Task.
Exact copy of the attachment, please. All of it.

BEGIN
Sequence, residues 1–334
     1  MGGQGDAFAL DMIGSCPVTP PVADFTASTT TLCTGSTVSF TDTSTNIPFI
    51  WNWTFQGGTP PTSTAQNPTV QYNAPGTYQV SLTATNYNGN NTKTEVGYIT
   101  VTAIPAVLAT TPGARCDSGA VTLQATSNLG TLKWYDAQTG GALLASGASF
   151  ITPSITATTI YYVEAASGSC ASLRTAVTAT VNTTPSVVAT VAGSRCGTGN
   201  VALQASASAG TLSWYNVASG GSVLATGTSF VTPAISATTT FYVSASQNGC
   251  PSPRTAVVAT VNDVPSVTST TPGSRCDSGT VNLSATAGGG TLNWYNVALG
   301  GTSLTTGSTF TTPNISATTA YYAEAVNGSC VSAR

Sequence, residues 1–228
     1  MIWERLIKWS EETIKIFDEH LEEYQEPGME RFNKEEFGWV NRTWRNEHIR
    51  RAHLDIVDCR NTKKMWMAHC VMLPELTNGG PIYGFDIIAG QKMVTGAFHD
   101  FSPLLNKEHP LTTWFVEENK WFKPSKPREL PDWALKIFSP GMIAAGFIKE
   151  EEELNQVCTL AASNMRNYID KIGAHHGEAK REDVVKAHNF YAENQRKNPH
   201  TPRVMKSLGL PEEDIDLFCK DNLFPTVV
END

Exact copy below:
Sequence, residues 1–334
     1  MGGQGDAFAL DMIGSCPVTP PVADFTASTT TLCTGSTVSF TDTSTNIPFI
    51  WNWTFQGGTP PTSTAQNPTV QYNAPGTYQV SLTATNYNGN NTKTEVGYIT
   101  VTAIPAVLAT TPGARCDSGA VTLQATSNLG TLKWYDAQTG GALLASGASF
   151  ITPSITATTI YYVEAASGSC ASLRTAVTAT VNTTPSVVAT VAGSRCGTGN
   201  VALQASASAG TLSWYNVASG GSVLATGTSF VTPAISATTT FYVSASQNGC
   251  PSPRTAVVAT VNDVPSVTST TPGSRCDSGT VNLSATAGGG TLNWYNVALG
   301  GTSLTTGSTF TTPNISATTA YYAEAVNGSC VSAR

Sequence, residues 1–228
     1  MIWERLIKWS EETIKIFDEH LEEYQEPGME RFNKEEFGWV NRTWRNEHIR
    51  RAHLDIVDCR NTKKMWMAHC VMLPELTNGG PIYGFDIIAG QKMVTGAFHD
   101  FSPLLNKEHP LTTWFVEENK WFKPSKPREL PDWALKIFSP GMIAAGFIKE
   151  EEELNQVCTL AASNMRNYID KIGAHHGEAK REDVVKAHNF YAENQRKNPH
   201  TPRVMKSLGL PEEDIDLFCK DNLFPTVV